P. contorta -15C
p. sylvestris -25C
p. strobiformis – 20C
p. abies -25C
A. born. – 15 C
2, 3, & 4 no overwintering
5. 2 & 3 needle pines, & spruce
6. everything except Abies & Cedrus, Acer ok
7. all good

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History and Culture of the Bonsai Tree

Bonsai trees were first conceived over a thousand years ago. Creating a bonsai has been considered a work of art, and the finished products are revered as living souvenirs in decorative containers. Although the miniaturized trees and the containers are the focal points, small landscapes are often created at the bases of the trees which create their own allure.
Small clay pagodas or nice gravel rock beds are frequently used in the “landscape” around these trees to simulate a tiny world. Carpets of moss are used in place of grassy fields, making these trees very captivating and intriguing.

The Purpose of Bonsai

Large trees are difficult to maintain, and they envelope a large area of any landscape. This was one reason that bonsai was developed—to enjoy a variety of trees but on a smaller scale. These living sculptures are the product of much patience and creativity on the part of the bonsai artist.

How to Develop a Bonsai

To those who have a passion for small, decorative trees, the time and effort involved in maintaining these beautiful masterpieces passes very quickly. However, much practice is required to keep them looking their best.
Not only branch pruning but also root pruning is necessary to preserve the dwarf growth form of these unique trees. For instance, on pine trees, new growth emerges as cylindrical buds at the branch tips, called “candles.” These can be cut back considerably in early spring before needles emerge, to dwarf the growth and ultimately keep the plant more dense.
Root pruning is performed by digging the plant from its container and quite literally cutting back on the roots so that it will not outgrow its small container. These types of pruning prevent the tree from growing too rapidly and keep it easy to maintain.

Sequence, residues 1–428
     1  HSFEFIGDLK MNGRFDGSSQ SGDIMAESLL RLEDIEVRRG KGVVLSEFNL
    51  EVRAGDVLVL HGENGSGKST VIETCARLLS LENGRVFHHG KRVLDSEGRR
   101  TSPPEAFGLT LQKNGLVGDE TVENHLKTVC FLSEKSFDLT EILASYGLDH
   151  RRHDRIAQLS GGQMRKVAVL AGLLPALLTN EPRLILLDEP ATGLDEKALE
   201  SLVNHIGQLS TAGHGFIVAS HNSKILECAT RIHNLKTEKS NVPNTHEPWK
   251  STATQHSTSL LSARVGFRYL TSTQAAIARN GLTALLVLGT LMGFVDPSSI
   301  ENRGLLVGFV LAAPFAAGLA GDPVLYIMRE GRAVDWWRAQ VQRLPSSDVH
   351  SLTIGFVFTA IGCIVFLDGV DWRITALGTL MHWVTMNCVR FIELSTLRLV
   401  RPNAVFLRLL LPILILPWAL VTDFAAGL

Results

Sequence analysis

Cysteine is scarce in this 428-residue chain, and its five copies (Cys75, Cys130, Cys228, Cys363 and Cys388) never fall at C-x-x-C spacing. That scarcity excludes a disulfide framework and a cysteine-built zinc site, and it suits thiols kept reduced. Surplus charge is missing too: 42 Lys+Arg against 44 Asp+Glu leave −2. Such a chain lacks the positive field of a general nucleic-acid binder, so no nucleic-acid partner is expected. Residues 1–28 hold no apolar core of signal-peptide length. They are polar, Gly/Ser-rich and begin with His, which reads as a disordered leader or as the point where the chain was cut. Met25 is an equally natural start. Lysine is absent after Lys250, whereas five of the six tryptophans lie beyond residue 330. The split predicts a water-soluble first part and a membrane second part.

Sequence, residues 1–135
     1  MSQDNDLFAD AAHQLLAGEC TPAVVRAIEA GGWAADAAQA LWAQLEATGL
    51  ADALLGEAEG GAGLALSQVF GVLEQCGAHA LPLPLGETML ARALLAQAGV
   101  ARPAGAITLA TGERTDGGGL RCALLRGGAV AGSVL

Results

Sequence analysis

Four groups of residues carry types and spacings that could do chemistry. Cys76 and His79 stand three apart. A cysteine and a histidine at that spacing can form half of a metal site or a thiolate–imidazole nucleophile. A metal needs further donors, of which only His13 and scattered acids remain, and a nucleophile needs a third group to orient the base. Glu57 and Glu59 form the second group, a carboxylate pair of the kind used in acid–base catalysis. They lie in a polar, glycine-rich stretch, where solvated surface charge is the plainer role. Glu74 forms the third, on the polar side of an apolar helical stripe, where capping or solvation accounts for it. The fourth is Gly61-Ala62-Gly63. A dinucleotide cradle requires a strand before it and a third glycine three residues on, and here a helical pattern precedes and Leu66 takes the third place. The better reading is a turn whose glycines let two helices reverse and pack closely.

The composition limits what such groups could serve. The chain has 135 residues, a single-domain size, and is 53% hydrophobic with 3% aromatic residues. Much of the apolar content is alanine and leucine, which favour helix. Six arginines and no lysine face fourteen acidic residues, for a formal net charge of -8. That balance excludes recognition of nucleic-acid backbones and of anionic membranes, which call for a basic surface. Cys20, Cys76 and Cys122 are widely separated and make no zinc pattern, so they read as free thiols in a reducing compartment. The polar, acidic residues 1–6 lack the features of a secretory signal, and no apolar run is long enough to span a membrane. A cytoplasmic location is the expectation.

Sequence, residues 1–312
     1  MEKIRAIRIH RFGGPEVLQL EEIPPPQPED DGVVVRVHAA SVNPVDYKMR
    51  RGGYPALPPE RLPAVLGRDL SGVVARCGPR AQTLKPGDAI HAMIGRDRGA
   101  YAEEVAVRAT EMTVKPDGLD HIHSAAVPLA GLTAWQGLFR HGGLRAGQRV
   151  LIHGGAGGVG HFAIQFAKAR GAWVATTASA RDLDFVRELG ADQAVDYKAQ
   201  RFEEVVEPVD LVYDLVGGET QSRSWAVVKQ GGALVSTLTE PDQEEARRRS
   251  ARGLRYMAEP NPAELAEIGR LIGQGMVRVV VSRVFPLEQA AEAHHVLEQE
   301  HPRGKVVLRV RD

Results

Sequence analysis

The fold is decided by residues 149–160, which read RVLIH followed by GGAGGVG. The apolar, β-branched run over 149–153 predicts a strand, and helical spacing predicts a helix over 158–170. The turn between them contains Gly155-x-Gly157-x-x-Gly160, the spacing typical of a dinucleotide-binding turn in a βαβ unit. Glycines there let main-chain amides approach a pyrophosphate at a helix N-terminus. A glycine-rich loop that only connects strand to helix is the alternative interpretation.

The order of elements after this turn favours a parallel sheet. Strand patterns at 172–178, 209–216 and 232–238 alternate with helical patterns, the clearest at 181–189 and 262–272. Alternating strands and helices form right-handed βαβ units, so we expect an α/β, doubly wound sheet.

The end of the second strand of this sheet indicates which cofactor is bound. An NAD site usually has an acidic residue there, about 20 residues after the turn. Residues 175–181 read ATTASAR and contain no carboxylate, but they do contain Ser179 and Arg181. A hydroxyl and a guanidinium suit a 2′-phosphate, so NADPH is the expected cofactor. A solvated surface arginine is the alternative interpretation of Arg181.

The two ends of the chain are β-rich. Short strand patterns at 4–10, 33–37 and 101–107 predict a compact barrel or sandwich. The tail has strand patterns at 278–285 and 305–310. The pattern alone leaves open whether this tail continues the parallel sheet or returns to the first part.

Copper wires are sometimes used to manipulate branching in such a way that it looks aesthetically appealing, and some branches are literally broken to gain a desired angle. The result is thick, very fascinating branch structures that make the plants look ancient!

Conifer and Maple Varieties Commonly Used for Bonsai

There are particular varieties or cultivars of both maples and conifers that are commonly used as bonsai. Acer palmatum ‘Mikawa yatsubusa’ has a wonderful, densely-set leaf arrangement that naturally makes it look like a large tree on a miniature scale. The sculptural branching and rich dark-green leaf color augment its remarkable form, making it among the most popular of our offerings for use in bonsai.

Conifer and Maple Varieties Commonly Used for Bonsai

Seedlings from ‘Mikawa yatsubusa’ Seedlings from ‘Mikawa yatsubusa’ inherit the same characteristics as the parent plant, making them less-expensive, more unique, and just as beautiful alternatives to ‘Mikawa’. Their varied forms makes no two quite alike!

Dwarf Hinoki Cypresses are often used as bonsai as well. Their incredibly slow growth rate (1-3” per year) make them choice selections! Many forms develop excellent trunk structures, causing them to have an ancient appearance. These naturally-sculptural plants are one of the most popular conifers for use in bonsai.
A pine that is often used in bonsai is Pinus mugo. Its naturally-short, green needles provide excellent structure for the numerous mounding cultivars available. These can easily be cloud pruned or done in the Japanese pan style to display unique forms.

Japanese White Pine has also commonly been used in bonsai over the years due to its attractive, often windswept, form. The silvery-blue needles are frequently curled at the tips. The branching habit of Pinus parviflora makes niwaki-style pruning very easy, and it develops very attractively.

Japanese White Pine